Each week on "You, Only Better" world-renowned orthopaedic surgeon Kevin Stone, MD imparts wisdom and inflames curiosity with reflections on patient care and our personal paths in becoming our fittest, strongest selves.
Kevin R. Stone M.D. is an orthopedic surgeon at The Stone Clinic and the Chairman of the Stone Research Foundation. He has lectured around the world as an expert in cartilage and meniscal growth, repair and replacement. His work has led to multiple awards, publications, grants, approximately 50 issued US patents and multiple start-up companies. As an orthopaedic surgeon, he has served the U.S. Ski Team, the U.S.Pro Ski Tour, the Marin Ballet, the Smuin Ballet, the modern Pentathlon at the U.S. Olympic Festival, U.S. Olympic Training Center, and now for the newly launched World Pro Ski Tour. He is a weekly columnist for the San Francisco Examiner which becomes a blog at www.stoneclinic.com/blog. He was trained at Harvard in internal medicine and orthopaedic surgery and at Stanford in general surgery, did his sports fellowship with Richard Steadman and a visiting research Fellowship at the Hospital for Special Surgery.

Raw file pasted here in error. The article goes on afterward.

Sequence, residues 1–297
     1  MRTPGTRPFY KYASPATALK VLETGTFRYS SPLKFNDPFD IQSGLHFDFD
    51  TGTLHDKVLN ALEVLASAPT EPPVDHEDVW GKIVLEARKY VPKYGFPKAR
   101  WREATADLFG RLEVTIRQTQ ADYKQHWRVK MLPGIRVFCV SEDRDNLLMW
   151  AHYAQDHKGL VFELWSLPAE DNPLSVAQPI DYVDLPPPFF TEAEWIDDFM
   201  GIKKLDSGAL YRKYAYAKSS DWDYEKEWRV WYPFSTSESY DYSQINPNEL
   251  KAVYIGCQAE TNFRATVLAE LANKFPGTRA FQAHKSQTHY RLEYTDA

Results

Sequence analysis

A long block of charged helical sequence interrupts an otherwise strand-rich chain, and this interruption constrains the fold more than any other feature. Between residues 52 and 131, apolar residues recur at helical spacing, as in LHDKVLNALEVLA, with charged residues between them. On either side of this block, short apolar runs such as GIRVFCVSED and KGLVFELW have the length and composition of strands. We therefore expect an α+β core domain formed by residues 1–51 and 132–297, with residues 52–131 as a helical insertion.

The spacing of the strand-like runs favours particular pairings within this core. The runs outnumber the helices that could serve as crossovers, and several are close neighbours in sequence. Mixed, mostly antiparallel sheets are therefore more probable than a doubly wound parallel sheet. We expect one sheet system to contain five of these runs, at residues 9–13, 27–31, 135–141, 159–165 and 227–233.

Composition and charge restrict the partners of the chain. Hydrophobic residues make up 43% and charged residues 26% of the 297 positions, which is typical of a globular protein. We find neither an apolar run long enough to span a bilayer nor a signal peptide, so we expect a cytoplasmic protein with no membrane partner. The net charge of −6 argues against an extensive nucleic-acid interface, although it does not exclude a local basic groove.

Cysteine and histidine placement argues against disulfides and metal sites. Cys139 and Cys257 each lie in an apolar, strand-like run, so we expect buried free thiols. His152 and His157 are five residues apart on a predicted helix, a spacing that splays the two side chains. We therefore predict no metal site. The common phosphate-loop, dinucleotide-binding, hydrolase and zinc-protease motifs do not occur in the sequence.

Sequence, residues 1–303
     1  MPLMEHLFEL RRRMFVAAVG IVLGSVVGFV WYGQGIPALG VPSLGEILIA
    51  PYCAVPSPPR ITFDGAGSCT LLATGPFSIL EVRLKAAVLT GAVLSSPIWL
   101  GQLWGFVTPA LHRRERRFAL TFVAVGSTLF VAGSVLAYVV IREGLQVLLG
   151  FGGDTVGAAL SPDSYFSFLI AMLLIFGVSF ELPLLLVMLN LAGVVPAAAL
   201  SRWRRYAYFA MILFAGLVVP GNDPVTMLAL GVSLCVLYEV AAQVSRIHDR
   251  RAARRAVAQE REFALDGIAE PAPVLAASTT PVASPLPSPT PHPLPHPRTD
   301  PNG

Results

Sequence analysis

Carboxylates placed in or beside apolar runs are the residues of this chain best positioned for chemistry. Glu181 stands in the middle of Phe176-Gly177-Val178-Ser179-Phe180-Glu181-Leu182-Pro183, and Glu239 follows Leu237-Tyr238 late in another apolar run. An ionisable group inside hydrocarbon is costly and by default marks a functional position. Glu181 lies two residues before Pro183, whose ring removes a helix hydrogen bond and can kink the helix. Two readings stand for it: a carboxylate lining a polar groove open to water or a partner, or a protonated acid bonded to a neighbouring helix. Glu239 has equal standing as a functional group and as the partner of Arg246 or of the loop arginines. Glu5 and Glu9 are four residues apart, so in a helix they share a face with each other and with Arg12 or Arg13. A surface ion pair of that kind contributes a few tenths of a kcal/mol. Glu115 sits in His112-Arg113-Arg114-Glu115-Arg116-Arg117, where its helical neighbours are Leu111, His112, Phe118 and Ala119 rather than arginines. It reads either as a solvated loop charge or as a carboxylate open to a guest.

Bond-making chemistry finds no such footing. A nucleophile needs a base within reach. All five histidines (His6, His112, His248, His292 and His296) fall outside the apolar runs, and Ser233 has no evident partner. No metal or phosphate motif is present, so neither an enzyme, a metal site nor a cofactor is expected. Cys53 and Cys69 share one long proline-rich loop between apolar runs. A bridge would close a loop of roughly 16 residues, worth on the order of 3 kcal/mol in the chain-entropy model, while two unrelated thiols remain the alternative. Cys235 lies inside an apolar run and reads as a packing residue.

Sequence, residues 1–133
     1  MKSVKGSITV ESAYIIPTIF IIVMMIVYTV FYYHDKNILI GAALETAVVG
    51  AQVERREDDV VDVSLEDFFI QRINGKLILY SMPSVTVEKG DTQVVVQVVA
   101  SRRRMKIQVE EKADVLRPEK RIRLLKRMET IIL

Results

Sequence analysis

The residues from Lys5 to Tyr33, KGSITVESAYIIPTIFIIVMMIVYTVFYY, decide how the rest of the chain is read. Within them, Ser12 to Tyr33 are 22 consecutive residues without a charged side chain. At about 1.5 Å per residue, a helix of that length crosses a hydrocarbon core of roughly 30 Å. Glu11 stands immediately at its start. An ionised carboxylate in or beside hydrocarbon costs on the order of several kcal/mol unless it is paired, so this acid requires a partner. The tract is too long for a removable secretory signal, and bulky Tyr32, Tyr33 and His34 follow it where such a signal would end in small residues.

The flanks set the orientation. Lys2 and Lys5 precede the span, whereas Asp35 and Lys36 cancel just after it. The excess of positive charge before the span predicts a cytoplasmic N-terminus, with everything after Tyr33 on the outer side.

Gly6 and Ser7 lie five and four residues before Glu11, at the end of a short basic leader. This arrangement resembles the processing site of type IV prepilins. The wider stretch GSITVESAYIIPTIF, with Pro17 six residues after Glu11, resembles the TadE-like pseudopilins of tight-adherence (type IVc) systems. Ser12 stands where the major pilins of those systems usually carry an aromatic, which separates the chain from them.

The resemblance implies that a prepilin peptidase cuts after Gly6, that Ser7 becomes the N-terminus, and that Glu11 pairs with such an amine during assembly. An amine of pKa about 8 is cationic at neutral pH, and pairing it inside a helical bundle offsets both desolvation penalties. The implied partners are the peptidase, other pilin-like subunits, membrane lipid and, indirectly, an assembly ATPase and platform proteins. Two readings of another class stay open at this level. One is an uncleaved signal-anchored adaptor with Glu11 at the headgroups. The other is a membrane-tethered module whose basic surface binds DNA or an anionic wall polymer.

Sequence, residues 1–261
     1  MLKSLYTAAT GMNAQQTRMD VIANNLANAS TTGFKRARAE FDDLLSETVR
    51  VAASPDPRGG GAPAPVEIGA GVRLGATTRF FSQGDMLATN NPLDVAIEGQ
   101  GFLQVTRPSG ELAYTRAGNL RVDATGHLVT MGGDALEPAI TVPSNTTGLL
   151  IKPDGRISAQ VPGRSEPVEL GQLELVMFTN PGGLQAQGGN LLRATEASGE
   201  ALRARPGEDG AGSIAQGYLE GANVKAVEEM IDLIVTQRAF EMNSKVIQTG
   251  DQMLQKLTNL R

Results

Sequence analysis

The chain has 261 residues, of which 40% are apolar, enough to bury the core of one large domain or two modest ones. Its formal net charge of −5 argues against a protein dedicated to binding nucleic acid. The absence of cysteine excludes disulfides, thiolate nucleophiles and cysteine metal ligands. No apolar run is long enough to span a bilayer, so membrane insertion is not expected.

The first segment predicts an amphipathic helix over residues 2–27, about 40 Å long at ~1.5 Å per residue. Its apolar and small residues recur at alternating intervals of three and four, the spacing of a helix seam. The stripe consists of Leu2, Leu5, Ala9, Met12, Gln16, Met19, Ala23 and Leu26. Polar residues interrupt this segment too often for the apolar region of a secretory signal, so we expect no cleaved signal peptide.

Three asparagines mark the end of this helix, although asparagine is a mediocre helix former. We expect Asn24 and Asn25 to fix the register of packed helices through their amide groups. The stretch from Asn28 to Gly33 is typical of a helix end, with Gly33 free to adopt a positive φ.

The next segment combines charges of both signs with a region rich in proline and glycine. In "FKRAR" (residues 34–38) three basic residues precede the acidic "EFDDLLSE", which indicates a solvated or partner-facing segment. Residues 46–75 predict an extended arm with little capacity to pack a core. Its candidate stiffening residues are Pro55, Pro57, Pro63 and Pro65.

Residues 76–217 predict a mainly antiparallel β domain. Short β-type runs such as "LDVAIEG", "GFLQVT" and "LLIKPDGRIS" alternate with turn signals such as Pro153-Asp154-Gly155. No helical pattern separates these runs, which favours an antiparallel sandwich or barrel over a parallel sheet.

Our unique regenerative approach to healing joints and repairing arthritis can get you back to the activities you love, without compromise. You’ll be fitter, faster and stronger than you have been in years.
The ACL Study Group meets every two years to update the latest knowledge on ACL injuries and treatments. This year’s meeting was at the base of the Hahnenkamm ski race in Kitzbuhel Austria—the most famous downhill ski race on the World Cup circuit. One hundred and fifty of the world’s top ACL surgeons watched 30 of the world’s bravest ski racers hurtle down the ice-crusted hill at 140 km/h (84 mph). The outcome of the race was predictable: The Austrians dominated. The outcome of the scientific meeting, however, was less conclusive; the ACL is still a tough problem to solve.
Ski bindings have not substantially changed in decades. But skis and ski boot soles have, and therein lies the danger. Many bindings no longer work with all ski boots, and there is a growing mismatch between binding design and ski performance.